Fortunately it was getting dark by then, and if any of the neighbors saw our little pornographic show, none of them squealed to my folks.

(to be continued)

Monday, April 10, 2006

Chapter Five (part 8)

(continuing the "all nighter" conversation between Cassie and her lovers P. and S.)

"Fine, then let's look at Cassie's example." P. couldn't have been more confident— or more fucking magnificently arrogant and condescending, the same self-confidence which made me fall in love with him, the same self-assuredness which makes winning a point with him so damned difficult— and delicious. "What is the 'meaning' of Great Expectations?"

"Money isn't everything?"

"If you're rich, you'll get the girl?"

"Don't live in the past— especially if you have a big wedding cake in your house?"

"Pride cometh before a fall?"

S. and I looked at each other; we were conspirators again, on the defensive, inadequately-armed.

"It's about the failure of time and desire to coincide." P. paused, and I thought about his meaning. "Every character is looking to someone else for their fulfillment: Magwitch wants a proper gentleman for a son-in-law, so he adopts Pip. Pip despises Magwitch because he's common and coarse. He's in love with the beautiful and seemingly aristocratic Estella, who uses him to sharpen her claws. He doesn't know she's Magwitch's daughter, she's like an arrow on a runaway compass, unable to care about anyone, raised to be the perfect instrument for revenge on the male of the human species by Miss Havesham."

"As perfect an emotional assassin as was ever trained to kill without remorse, in this case killing the hearts of all the men who meet her," I finished P.'s thought.

"All of the characters find disappointment at every step along the way. The novel's an even bleaker assessment of human nature than Bleak House." He paused to let his heavy words sink in.

"And the happy ending?" My voice cracked slightly from dryness after so much talking, I sounded as if I was pleading for Estella's redemption through Pip's love for her. "Doesn't love mean something?" A question we'd all like answered.

"You know, Dickens added the so-called happy ending later."

"Did he? He did! Don't tell me that!" I felt manipulated, devastated.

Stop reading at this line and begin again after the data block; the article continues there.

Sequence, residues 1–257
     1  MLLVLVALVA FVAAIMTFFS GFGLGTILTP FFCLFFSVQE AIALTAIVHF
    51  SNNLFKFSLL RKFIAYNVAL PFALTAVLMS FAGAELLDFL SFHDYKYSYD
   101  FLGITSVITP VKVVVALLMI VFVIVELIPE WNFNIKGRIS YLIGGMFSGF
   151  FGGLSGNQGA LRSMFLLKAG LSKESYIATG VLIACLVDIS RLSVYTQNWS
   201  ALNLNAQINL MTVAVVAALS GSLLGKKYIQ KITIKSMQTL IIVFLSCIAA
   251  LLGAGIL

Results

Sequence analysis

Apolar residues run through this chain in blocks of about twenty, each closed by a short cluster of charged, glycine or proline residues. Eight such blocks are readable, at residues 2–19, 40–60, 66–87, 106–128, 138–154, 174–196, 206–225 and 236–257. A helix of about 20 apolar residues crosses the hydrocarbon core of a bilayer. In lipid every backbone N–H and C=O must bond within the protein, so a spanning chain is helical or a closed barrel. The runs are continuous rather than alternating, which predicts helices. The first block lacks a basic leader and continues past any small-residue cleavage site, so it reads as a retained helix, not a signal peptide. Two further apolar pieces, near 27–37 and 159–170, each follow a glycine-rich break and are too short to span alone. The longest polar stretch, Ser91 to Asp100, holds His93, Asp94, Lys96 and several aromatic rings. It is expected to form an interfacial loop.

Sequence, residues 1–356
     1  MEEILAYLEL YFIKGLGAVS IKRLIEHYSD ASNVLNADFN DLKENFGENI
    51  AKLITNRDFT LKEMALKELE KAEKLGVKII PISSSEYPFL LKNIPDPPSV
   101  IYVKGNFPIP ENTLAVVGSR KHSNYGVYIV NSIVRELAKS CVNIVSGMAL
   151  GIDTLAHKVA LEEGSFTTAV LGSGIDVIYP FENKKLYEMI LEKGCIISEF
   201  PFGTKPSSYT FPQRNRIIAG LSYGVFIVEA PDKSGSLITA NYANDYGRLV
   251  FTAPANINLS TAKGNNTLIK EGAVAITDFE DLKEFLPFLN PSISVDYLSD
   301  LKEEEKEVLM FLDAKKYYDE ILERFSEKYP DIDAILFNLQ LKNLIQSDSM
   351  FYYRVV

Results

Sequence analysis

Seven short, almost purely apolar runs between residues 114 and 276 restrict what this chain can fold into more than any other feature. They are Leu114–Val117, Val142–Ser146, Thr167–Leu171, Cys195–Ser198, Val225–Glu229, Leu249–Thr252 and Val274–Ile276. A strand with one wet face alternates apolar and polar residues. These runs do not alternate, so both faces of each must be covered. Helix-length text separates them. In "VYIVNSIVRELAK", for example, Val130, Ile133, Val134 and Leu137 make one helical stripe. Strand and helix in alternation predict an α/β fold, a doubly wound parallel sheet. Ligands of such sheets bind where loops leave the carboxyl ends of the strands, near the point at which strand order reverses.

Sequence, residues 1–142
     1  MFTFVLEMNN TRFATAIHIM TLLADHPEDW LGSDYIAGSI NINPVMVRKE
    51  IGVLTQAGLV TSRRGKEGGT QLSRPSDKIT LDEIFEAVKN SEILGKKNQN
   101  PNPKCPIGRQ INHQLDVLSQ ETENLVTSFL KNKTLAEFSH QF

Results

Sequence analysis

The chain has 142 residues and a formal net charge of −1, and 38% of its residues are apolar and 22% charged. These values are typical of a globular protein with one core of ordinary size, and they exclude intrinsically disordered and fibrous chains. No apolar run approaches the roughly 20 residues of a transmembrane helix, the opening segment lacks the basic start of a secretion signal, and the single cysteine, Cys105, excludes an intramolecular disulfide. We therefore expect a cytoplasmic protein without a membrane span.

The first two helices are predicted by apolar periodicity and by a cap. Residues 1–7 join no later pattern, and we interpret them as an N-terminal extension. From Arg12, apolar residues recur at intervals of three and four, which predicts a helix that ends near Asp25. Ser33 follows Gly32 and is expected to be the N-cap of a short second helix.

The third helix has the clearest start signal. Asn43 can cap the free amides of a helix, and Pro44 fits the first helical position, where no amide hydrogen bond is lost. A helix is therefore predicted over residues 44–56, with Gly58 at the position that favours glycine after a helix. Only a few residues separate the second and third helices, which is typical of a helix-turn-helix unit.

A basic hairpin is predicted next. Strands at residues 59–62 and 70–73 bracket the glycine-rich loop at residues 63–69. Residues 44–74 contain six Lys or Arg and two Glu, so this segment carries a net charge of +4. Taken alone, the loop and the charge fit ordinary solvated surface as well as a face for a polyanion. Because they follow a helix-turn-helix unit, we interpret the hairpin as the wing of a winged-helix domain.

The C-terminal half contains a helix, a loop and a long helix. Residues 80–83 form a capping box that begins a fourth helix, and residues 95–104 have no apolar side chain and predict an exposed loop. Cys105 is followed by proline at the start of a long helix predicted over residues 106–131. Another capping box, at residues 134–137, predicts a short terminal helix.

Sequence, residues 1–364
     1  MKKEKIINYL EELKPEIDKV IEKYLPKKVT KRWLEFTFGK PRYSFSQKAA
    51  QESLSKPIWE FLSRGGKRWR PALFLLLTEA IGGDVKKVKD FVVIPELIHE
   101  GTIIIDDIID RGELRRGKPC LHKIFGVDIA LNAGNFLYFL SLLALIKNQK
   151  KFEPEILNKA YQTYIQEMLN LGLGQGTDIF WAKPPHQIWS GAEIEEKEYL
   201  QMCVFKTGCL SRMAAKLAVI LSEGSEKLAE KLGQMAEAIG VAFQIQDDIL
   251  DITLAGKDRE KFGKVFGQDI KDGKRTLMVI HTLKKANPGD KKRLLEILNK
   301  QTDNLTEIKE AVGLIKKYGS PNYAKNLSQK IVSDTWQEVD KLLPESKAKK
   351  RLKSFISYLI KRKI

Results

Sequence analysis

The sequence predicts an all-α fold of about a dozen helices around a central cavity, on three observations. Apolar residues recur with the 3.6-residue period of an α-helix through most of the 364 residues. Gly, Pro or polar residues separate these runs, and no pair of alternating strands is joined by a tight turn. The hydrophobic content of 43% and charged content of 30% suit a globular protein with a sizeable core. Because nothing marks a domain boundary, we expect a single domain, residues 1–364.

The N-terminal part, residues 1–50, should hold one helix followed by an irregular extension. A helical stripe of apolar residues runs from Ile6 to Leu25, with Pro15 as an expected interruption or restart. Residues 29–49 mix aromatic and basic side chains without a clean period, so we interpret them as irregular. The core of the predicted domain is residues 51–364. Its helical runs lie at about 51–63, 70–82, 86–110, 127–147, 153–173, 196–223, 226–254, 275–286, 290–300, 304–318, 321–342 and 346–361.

"The novel originally ended with Pip running into a much-changed Estella on the street— not in Miss Havesham's old house as it does now. Dickens recognized his original ending failed— it doesn't tie together the world he created in the novel. So he brings Pip and Estella together in that dream-like final scene. Yet despite his powers as a writer, he can't make things turn out right. The ending leaves uncertainty and loss. When Pip says he could see no parting, he's not telling the reader they will remain together."

"No, don't say that! Don't say that!"

I felt deflated hearing his verdict. Never parting. The concept has such appeal. Never-ending love is so seductive, yet what if love changes? Or if the people who fell in love change? What then? Does a love have to last? And if it's really love, why would it end? How is it we can fall out of love the same as if we'd grown tired of a dress or the same apartment we've lived in for years?

(to be continued)

Saturday, March 25, 2006

Chapter Five (part 7)

(continuing the "all nighter" conversation between Cassie and her lovers P. and S.)

"It all makes me dizzy," I admitted.

"It should. Deconstruction's motto is 'the center cannot hold.'"

"Do they pay Yeats royalties for stealing that line from him?" Leave to S. to be irreverent. P. laughed.

"Deferring," I laughed, too. "I'm deferring my life right now, it's on hold."

"On the whole, you've lost me, Old Man" S. admitted with a yawn. Out of nowhere, I started giggling despite myself— the hour was getting so late, and besides, I can't be serious about heavy subjects too long.

"Hold on," S. objected with real heat this time, "Deconstruction sounds like this year's model, another flashy, trendy tool, nothing more. We've gone through a whole laundry list of 'isms' in class. There's Structuralism, Freudianism, New Criticism, who cares?" I felt pride in S. He wasn't intimidated by our "professor" like I am.

"Right," I chimed in, hoping for strength in numbers, "isn't this another stupid search for another stupid Holy Grail to open up poems and novels to hidden meanings the writer never intended? I may be a naïve reader, but anyone with common sense can see The Picture of Dorian Gray is really about a gay man in the closet and the harm keeping that secret does to him. I want to know the answer to the questions books offer, like whether Pip gets the girl at the end of Great Expectations? That last line— " I grabbed the copy I'd been reading after work and opened it to the last page— "'I saw the shadow of no parting from Estella.' It's so tantalizing, it leaves me with goose bumps each time I read or think about it."

"Ever the Romantic," S. sneered playfully, throwing me off-balance, "wasn't it Ambrose Bierce who said if you scratch a Romantic, you'll find a cynic who hasn't been disappointed yet?"

"OK, I'm a Romantic," I blushed, backpedaling, "but a cynic in many things, too. But what about an author like Colette?"

"What about her?" P. countered with a knowing smile.

"Well, I may be a naïve reader, but I know her writing isn't compelling because it's beautiful, it's compelling because of the insights we gain from reading her."